We are deeply saddened by the horrific tragedies that occurred this weekend at a Walmart in El Paso, where families were going about their back-to-school routines on a Saturday morning, and at a downtown district in Dayton, Ohio, where people were enjoying a night out with family and friends.
It appears the shooting in El Paso, where twenty were killed and twenty-six were injured, was fueled by anti-immigrant sentiment, racism, xenophobia, and White nationalism, and is being treated as an act of domestic terrorism. These hate crimes have an impact on everyone’s mental health, especially those who identify as historically oppressed groups. The El Paso shooting may particularly impact Aggies from El Paso and other border communities as well as our Latinx/Hispanic students.
We encourage students and others who have been impacted by this tragedy to engage in self-care and seek support. The links below provide information on coping with community trauma, the mental health impact of hate crimes, and suggestions for self-care. We invite students to visit us at Counseling and Psychological Services, where services in Spanish are available.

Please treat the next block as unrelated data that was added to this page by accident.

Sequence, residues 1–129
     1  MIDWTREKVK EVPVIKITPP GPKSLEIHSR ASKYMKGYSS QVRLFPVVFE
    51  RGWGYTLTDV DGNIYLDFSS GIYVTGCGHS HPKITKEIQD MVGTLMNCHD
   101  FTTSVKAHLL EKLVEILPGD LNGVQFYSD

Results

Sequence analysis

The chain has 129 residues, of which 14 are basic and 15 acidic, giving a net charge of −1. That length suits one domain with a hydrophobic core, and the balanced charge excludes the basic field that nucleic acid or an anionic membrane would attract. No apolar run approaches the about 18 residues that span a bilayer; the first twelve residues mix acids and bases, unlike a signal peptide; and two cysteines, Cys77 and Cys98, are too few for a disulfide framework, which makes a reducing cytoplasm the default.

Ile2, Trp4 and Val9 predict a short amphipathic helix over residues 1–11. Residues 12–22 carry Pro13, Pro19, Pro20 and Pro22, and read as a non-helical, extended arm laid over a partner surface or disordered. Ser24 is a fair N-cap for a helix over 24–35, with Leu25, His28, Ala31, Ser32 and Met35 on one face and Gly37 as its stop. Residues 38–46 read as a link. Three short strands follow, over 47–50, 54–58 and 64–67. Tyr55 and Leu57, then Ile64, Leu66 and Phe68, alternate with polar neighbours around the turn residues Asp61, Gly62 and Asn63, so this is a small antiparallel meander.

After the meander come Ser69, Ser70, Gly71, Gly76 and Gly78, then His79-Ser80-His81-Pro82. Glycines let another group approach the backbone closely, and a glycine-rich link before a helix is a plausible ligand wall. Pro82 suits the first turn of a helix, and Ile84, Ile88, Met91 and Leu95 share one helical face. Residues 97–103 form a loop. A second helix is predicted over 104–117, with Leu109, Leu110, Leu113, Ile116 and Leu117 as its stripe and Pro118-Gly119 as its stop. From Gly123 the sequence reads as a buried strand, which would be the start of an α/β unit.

- Managing Your Distress in the Aftermath of a Mass Shooting
- The Psychology of Hate Crimes
- Discrimination: What it is, and how to cope
- Ten Ways to Fight Hate: A Community Response Guide
- Surviving & Resisting Hate: A Toolkit For People of Color
- Racial Trauma is Real Manuscript
For further information, please see the statement released by the American Psychological Association.